Homogenous-Heterogenous Photo(Electro)Catalysis

Homogenous-Heterogenous Photo(electro)catalysis

Photocatalysis relies on the energy of light photons – instead of thermal energy – to drive and accelerate chemical reactions. Photocatalysis is a broad research field with a number of applications, some of which have already made their way to commercial products as for example in water and air purification technologies as well as in self-cleaning and anti-bacterial surfaces.

Despite these advances, implementation of reductive

photocatalysis – and especially processes related to solar

fuel generation such as in photocatalytic water splitting

and carbon dioxide photoreduction – is still inhibited by

low efficiency, stability or poor selectivity of contemporary


The field of heterogeneous photocatalysis relies on solid-

state (nano)materials to access these red/ox processes.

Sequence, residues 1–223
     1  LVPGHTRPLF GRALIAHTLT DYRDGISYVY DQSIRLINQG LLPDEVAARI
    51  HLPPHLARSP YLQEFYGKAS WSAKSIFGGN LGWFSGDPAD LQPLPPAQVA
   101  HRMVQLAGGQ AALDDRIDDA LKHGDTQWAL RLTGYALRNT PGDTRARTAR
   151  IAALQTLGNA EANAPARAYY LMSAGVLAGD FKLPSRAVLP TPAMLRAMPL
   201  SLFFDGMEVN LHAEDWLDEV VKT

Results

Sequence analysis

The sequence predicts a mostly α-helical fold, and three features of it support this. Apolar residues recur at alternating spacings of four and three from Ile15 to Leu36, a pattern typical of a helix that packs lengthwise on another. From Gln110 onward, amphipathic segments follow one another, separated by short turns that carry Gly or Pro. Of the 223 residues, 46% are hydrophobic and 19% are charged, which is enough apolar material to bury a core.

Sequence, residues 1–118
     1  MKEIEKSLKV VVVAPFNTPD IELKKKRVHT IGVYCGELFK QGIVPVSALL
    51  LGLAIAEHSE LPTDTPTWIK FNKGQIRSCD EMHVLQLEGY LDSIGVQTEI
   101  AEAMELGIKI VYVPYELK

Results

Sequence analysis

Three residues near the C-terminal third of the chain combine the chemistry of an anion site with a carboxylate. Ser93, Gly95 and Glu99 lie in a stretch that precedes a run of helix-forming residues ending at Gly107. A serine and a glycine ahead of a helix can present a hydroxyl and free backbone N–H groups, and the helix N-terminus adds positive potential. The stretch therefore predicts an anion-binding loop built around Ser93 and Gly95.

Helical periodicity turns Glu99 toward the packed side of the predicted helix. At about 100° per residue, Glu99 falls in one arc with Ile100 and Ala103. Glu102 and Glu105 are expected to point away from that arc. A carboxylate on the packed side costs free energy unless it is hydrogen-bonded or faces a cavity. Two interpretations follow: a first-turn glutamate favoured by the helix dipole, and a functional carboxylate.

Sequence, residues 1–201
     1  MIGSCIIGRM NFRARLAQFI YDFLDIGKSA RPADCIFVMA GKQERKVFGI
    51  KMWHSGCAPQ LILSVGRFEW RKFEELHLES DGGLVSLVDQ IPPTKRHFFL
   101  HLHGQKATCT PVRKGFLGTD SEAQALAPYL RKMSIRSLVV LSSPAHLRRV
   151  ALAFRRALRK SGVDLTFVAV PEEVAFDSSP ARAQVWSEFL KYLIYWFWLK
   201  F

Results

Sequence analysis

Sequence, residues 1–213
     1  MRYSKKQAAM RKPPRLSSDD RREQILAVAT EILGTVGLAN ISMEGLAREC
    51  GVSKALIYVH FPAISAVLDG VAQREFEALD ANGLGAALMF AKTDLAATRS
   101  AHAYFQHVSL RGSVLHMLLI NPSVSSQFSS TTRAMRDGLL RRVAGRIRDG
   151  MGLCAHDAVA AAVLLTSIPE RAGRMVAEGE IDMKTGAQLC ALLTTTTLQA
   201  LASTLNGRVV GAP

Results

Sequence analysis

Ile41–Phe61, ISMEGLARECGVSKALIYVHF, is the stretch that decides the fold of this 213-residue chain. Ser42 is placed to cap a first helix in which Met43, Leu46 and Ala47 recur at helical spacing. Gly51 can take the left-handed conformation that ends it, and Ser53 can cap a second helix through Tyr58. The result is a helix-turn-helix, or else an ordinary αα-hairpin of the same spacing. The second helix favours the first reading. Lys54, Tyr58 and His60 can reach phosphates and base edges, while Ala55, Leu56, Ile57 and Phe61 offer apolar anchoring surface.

Here, since the discoveries of Fonda and Fujishima,

targeted research attempts have been addressing each

of the three main photocatalytic steps: light absorption,

charge transport and redox catalysis – yielding fairly

robust photocatalytic systems. In fact, most commonly used oxide-based photocatalysts are exceptionally stable under reaction conditions, exhibit low toxicity and can be easily nanostructured using inexpensive fabrication and processing techniques.

However, reliance on standard heterogeneous solid-state photocatalysts (TiO2, WO3, Ta2O5, CdS, C3N4 etc.) limits us to poorly defined, rigid and thus unspecific inorganic surfaces that can barely accomplish complex multi-electron redox processes. This is especially relevant to water oxidation and CO2-to-fuel conversion reactions that pose additional requirements to reactant and product selectivity.

Our approach

To address the catalytic challenge of heterogeneous photocatalysis and get access to high-value products (H2 and hydrocarbons), we take the inspiration from nature and the field of artificial photosynthesis to combine stability and robustness of solid-state oxide photocatalysts with high selectivity and flexibility of molecular-sized artificial homogeneous catalysts.

Our way to bridge the fields of heterogeneous and homogeneous photocatalysis is to endow standard crystalline oxide photo-absorbers with well-defiled catalytic functions by: